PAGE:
Government Ministries have been asked to work with the major players in the sector to come up with ways to shield Barbadians from rising prices.
Prime Minister Mia Amor Mottley made this disclosure on Friday evening in her remarks at the opening ceremony for Agrofest, in Queen’s Park.
Ms. Mottley told the large gathering, which included the President of the Cooperative Republic of Guyana, His Excellency Dr. Mohamed Irfaan Ali, as well as local and regional Cabinet officials, that increased costs facing the population were “unsustainable and unacceptable”.
The Prime Minister shared: “I’ve asked the different ministries to start working yet again with the different players to see how we can contain these prices and how we can shield people where we cannot contain prices. Indeed, this is an effort that is being undertaken globally, and one only has to look at what happened in the United Kingdom with the Chancellor of the Exchequer [on Thursday] to understand that this is not a problem that is unique to the Caribbean.”
Ms. Mottley believes that Barbados’ relationship with Guyana, as well as mastering production, logistics and processing, would go a long way towards turning around the statistic that almost four out of every 10 people living in the Caribbean was food insecure.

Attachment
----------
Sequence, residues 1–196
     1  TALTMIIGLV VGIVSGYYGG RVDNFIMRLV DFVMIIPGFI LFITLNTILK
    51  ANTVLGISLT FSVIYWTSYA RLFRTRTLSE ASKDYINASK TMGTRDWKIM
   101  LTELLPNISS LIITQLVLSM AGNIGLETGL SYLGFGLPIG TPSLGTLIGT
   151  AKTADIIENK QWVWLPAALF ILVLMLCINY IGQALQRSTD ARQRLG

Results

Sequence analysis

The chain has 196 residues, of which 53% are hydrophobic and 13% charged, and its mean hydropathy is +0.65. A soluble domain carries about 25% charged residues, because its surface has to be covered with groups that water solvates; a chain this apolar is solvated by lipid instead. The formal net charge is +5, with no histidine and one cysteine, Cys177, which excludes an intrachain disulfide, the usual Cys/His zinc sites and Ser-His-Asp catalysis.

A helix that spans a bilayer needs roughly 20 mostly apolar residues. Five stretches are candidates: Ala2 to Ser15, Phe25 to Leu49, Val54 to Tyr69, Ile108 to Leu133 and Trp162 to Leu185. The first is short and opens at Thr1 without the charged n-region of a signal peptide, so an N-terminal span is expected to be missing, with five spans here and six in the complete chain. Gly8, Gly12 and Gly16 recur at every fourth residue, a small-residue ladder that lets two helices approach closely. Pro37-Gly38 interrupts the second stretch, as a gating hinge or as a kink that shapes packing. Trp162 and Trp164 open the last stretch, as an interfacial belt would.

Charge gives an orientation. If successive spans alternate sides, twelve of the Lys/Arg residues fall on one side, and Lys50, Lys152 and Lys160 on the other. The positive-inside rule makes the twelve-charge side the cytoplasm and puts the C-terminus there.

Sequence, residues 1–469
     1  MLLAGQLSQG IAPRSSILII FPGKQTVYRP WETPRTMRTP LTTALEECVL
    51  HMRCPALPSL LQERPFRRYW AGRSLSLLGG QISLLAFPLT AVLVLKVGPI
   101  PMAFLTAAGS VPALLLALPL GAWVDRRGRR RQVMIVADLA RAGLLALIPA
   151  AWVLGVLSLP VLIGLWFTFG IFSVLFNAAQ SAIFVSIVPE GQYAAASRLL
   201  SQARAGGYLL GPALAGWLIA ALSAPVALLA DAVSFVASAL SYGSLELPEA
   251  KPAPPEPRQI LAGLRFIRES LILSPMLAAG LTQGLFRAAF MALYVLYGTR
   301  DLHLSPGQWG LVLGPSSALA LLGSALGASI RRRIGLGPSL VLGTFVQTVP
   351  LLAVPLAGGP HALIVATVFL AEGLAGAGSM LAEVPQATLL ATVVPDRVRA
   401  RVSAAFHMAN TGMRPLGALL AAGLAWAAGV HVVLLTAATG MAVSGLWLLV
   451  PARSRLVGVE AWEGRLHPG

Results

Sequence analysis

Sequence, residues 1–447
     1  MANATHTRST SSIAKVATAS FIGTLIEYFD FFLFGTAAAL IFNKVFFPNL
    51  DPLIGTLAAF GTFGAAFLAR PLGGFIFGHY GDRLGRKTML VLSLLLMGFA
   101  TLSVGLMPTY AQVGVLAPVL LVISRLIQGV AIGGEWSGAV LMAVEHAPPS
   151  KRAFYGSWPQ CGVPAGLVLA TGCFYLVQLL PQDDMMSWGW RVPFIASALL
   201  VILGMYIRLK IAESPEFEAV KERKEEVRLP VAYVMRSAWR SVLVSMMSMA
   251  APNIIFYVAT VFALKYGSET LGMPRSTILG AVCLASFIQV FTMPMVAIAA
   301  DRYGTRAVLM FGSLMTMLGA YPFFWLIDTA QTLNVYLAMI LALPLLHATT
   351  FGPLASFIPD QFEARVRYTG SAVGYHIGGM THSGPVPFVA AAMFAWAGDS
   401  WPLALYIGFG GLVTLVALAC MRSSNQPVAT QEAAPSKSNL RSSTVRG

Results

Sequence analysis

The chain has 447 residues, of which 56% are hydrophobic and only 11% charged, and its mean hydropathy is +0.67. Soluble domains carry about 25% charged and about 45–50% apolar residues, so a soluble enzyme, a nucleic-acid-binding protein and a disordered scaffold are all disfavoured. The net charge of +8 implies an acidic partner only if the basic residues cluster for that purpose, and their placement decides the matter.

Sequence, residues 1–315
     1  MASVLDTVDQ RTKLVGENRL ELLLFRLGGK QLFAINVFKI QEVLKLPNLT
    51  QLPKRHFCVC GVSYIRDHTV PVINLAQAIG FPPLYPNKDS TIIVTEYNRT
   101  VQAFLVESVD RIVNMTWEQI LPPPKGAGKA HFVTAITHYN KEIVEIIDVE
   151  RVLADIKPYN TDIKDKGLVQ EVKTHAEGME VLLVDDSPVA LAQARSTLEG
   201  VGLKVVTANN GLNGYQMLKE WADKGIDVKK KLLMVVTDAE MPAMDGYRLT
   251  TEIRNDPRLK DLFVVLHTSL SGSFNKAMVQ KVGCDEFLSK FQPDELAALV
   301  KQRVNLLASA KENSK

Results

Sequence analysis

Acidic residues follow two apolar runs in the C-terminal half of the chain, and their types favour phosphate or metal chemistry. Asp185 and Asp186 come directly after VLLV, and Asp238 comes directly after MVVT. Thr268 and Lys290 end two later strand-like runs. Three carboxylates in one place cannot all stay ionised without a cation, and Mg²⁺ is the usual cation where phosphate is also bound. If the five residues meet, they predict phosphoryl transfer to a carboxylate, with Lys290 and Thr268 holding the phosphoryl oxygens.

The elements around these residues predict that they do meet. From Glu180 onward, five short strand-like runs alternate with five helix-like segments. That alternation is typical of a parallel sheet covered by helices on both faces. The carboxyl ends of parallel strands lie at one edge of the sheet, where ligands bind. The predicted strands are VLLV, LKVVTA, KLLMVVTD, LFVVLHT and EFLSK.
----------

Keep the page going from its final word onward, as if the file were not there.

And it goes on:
“We believe that we are standing on a strong platform and that it is time now for us to move to the next level, especially as we face these multiple challenges that have confronted us over the last two years,” she underlined.
The Prime Minister continued: “That President Ali and Minister Mustapha (Zulfikar) have been able to move with lightning speed over the course of the last 18 months to put this region in a position where we not only endorse the plan in March in Belize at the CARICOM Heads of Government Meeting, but were able then to meet in Guyana last week, in perhaps one of the largest agricultural investment fora ever to be held in this Caribbean region in the post-Independence era, is of significant mention for us.”
Meanwhile, President Ali insisted that food security must be looked at from a broader perspective given the different challenges the region faced. He contended that agriculture must be at the centre of all that we do, given the expected worsening of the current crisis.
“That is why we have to fix this and we have to fix this as a collective. We have to understand that the challenges that will come will impact us the most and our only tool to mitigate those challenges is increasing our own production, removing…the thoughtless impediments to trading between ourselves, the sharing between ourselves and opening up opportunities through which we can sustain ourselves in a reliable manner,” he proffered.
This year’s Agrofest exhibition is being held under the theme: Greening Together Ah Caribbean Thing.